In addition to improved attitudes about the housing market, survey participants also showed an improved outlook regarding the economy. Only 36 percent think that job layoffs and unemployment are a big problem, a substantial drop from 45 percent in 2013.

    Perceived obstacles to homeownership have remained mostly unchanged compared to recent years; 78 percent of respondents point to college debt and student loans as the main obstacle to making a home purchase affordable. Seventy-six percent of participants said they have a full-time job but still did not make enough money to purchase a home. Seventy-four percent believe they do not have enough money for a down payment and closing costs.

    As the market has improved, concern about the cost of housing has increased. Two-thirds of survey participants said that home prices are more expensive than they were a year ago. There is additional concern over the lack of available housing; 41 percent said the lack of affordable homes is either a very big or fairly big problem in their area, an increase of 9 percent points from 2013.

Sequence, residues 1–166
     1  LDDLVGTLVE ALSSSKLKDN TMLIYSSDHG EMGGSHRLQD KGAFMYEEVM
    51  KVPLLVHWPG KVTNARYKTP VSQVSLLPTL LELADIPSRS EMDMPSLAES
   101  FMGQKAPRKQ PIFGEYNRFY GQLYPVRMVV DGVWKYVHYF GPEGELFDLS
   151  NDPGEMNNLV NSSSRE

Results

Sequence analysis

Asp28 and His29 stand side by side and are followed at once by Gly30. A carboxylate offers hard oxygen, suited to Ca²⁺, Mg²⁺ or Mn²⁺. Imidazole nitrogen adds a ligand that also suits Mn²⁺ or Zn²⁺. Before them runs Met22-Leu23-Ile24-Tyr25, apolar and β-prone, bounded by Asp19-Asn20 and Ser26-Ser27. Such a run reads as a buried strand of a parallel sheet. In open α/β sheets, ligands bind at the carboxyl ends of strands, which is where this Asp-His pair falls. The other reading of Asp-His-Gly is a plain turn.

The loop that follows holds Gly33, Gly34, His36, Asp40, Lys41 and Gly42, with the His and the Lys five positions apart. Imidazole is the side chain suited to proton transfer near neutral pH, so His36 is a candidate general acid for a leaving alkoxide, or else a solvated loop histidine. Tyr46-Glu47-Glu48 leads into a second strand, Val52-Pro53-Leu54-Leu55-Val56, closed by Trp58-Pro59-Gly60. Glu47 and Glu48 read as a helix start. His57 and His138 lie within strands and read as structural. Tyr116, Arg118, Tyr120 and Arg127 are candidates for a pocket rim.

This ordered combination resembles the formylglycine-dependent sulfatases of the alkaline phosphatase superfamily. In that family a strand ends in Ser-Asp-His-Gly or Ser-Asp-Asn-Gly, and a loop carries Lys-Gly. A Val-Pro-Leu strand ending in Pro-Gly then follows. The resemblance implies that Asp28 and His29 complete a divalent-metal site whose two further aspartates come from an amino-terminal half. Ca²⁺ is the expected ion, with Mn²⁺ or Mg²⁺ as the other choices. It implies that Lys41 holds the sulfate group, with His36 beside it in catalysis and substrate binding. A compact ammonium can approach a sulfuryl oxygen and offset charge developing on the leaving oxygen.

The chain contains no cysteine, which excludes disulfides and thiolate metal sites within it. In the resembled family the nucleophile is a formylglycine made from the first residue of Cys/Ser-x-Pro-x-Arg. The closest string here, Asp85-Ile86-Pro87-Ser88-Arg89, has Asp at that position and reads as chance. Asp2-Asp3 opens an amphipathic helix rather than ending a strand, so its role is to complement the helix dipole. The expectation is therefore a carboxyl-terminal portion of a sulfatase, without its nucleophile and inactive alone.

For adult millennials under the age of 35, the burden of student debt is their chief concern, with 86 percent of respondents naming college debt as an obstacle to homeownership. Over half reported that their housing costs are a financial strain on their budget, 65 percent are concerned about high rental prices, and 60 percent are concerned about high home prices. However, millennials tend to have a more upbeat and positive view about the future of the nation than older Americans, with 42 percent of millennials saying that the country is headed in the right direction compared to only 20 percent among those aged 50 and older.

    The 2015 National Housing Pulse Survey is conducted by American Strategies and Myers Research & Strategic Services for NARs Housing Opportunity Program. The telephone survey polled 1,000 adults nationwide in the 50 most populous metropolitan statistical areas. An additional 250 interviews were conducted with millennial adults (born after 1981) from the same geography. The study has a margin of error of plus or minus 3.1 percentage points.

    The National Association of Realtors, "The Voice for Real Estate," is America's largest trade association, representing more than 1.1 million members involved in all aspects of the residential and commercial real estate industries.

    Courtesy National Association of Realtors. Click Here for Original Article.